Lloyd Austin also stressed that the US will not intervene in Kiev’s conflict with Moscow
US Secretary of Defense Lloyd Austin warned on Saturday that Ukraine faces a “harsh winter,” as Russia continues missile strikes on its infrastructure. Earlier, the chairman of the US Joint Chiefs of Staff, General Mark Milley, suggested that Kiev should take the opportunity to talk with Moscow.
Speaking at the Halifax Security Forum in Canada, Austin praised the Ukrainian military’s efforts against Russia, but cautioned that “hard times lie ahead as Ukraine faces a harsh winter.”
Although Ukraine has received tens of billions of dollars worth of weapons from the US and NATO, Russian drone and missile strikes have been pounding its command centers and energy infrastructure since early October. These launches have, according to Ukrainian authorities, left 40% of the country’s power infrastructure destroyed or damaged.
Amid the destruction of Ukraine’s infrastructure, a split has reportedly emerged within the White House. Some top-level Biden administration officials are urging Kiev to keep fighting Russia “for as long as it takes,” whereas Milley has declared that Ukraine cannot win militarily and should instead seize “an opportunity to negotiate.”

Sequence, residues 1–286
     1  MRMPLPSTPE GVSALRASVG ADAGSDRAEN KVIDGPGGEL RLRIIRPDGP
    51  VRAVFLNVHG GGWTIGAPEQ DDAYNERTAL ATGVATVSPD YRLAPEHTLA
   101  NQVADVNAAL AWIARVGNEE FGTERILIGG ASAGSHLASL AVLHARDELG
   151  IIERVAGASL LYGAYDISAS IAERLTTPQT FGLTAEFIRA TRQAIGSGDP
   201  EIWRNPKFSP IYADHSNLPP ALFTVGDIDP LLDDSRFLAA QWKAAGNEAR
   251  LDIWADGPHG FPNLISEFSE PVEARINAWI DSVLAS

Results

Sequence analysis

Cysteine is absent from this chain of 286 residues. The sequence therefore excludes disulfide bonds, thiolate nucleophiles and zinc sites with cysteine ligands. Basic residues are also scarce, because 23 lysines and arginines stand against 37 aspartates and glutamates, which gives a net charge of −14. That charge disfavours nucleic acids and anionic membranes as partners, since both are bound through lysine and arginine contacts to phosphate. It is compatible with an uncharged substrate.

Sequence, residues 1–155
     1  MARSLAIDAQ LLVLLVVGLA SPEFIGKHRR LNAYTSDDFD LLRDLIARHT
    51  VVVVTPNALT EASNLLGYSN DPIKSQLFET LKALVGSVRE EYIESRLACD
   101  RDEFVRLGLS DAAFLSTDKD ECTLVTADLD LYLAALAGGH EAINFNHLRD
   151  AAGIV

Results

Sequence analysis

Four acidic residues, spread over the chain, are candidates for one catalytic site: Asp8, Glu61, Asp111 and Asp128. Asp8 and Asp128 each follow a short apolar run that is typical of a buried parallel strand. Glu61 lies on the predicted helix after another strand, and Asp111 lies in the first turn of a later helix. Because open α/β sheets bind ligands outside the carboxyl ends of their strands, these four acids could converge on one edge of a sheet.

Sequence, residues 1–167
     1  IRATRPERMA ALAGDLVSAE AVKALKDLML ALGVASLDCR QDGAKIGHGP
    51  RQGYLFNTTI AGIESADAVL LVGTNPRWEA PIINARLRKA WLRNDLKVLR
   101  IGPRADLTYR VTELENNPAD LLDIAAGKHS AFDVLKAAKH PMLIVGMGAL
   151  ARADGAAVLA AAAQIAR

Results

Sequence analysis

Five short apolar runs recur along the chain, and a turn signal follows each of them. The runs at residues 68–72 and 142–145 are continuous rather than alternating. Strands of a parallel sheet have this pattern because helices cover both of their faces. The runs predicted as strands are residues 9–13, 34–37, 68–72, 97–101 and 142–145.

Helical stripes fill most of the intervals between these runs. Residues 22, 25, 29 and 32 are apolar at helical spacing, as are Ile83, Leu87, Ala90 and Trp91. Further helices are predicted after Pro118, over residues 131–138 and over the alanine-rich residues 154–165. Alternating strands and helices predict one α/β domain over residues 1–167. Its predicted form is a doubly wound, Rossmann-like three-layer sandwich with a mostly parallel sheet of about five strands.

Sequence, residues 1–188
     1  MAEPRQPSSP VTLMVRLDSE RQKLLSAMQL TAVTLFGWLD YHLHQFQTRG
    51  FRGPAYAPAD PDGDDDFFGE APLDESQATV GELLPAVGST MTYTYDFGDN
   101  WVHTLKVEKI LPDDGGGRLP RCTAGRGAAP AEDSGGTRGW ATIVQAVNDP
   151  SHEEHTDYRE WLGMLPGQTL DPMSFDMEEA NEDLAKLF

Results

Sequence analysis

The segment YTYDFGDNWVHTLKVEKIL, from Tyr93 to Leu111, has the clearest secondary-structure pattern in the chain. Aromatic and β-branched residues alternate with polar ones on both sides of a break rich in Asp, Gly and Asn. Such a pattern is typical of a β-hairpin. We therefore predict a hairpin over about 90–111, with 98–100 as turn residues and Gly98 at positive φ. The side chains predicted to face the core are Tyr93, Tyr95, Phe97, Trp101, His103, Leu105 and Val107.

In his address on Saturday, Austin claimed that Ukraine’s population would rather go without electricity and heat than have talks with Moscow. However, he reiterated that the US would “not be dragged into [Russian President Vladimir] Putin’s war,” but would continue to funnel arms to Kiev.
Russia sent troops into Ukraine on February 24, citing Kiev’s failure to implement the Minsk agreements, designed to give the regions of Donetsk and Lugansk special status within the Ukrainian state. Earlier, the Kremlin recognized the Donbass republics as independent states and demanded that Ukraine officially declare itself a neutral country that will never join any Western military bloc. Kiev insists the Russian offensive was completely unprovoked.
In early October, the Donetsk and Lugansk People’s Republics, as well as Zaporozhye and Kherson Regions, officially became part of Russia following referendums that saw the majority of local residents vote in favor of accession.
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